I have worked for an employee for 26 years. I get a lease car which they pay a set amount each year and if i want i can get a bigger car and top it up. I have had a lease car for the last 12 years. Last week we got an email saying from now on that if we dont cover 3500 buisness miles a year then we lose the car as of now. On my contract under wages it says my salary "+ lease car" Is this not part of my wages and also the fact even if it was not on my contract which it is the fact i have had it so long? My question is can they do this without offering any negotiation, do it at such short notice and make this new rule of mileage up without any consultation (it is not in the leae car policy but they have issued a new policy with the email but it says draft all over it.
Hello, my name is Ben and it is my pleasure to assist you with your question today.
What are you hoping to achieve please?
I either want the car to continue or paid the money that was agreed for a lease car in my contract
OK, thank you, please leave this with me - I will look into this for you, get my response ready and get back to you on here. No need to wait around and you will get an email when I have responded, thank you
Apologies for the slight delay, I experienced some temporary connection issues earlier on. All seems to be resolved now so I can continue with my advice.
There is a principle in employment law where terms may become implied into an employment contract by ‘custom and practice’. This makes them contractually binding even if they are not written down anywhere. This area of law is rather complex and it is usually only down to the courts to establish with certainty if something had become an implied term. Nevertheless, it does not prevent employees from directly raising this argument with their employers.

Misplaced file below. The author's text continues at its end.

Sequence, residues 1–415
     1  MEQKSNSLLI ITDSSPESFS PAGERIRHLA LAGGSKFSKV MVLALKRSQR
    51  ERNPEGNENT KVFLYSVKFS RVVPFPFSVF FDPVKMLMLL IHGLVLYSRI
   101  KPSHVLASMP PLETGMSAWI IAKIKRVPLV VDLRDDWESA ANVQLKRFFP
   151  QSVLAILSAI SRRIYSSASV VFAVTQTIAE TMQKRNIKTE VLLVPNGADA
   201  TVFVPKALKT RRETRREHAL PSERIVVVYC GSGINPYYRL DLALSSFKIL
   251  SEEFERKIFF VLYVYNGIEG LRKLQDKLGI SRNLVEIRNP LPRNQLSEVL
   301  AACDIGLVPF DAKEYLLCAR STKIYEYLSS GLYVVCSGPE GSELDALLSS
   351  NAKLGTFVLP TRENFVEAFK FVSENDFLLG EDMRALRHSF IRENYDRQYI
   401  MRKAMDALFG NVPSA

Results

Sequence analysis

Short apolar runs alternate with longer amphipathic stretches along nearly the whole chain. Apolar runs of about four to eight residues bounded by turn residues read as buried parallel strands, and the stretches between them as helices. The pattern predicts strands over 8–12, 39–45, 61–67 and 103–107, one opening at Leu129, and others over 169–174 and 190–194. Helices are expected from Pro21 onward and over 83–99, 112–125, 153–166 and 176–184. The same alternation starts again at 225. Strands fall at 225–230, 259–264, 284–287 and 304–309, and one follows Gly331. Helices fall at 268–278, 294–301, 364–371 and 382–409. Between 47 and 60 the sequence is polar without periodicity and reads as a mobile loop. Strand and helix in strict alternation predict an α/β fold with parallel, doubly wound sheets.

The basic requirement for implying terms is the presumed intention of the parties, in other words - did the employer and employee intend for the terms in question to be treated as contractual. In general, a practice would need to have been clearly communicated and consistently applied for a substantial period of time before it can be considered an implied contractual term. Therefore, something that is uncertain, not communicated properly, not been applied consistently or has just been around for a few months is unlikely to qualify.
Case law has suggested that the following are important factors when considering whether a term has become implied in a contract:
You may tell the employer that you believe the term about the car and the associated value you are relying on has been implied into the contract through 'custom and practice' and as such removing it would amount to a change to your contract and see what they say. They could of course deny that and refuse to discuss the matter and if that is the case then you can only realistically challenge this by taking your case to an employment tribunal, although you can use the grievance process first if needed.
Hope this clarifies your position? If you could please let me know that would be great, thank you
Thanks for that and I assume the fact its says on my contract that my banding plus lease car this is a breach of contract anyway?
One final point what about the introducing the mileage rule just like that. Is that allowed?
Hi, yes it can be a breach of contract. As to the mileage introduction, then whether they can introduce it just like that or not would depend on whether it was a contractual term. As it is not specifically mentioned in the contract you would be relying on the argument that it had become an implied term through custom and practice as per the above rules and that changing it now would amount to a breach of contract
Hello, I see you have accessed and read my answer to your query. Please let me know if this has answered your original question or if you need me to clarify anything else for you in relation to this? I just need to know whether to close the question or not? Thanks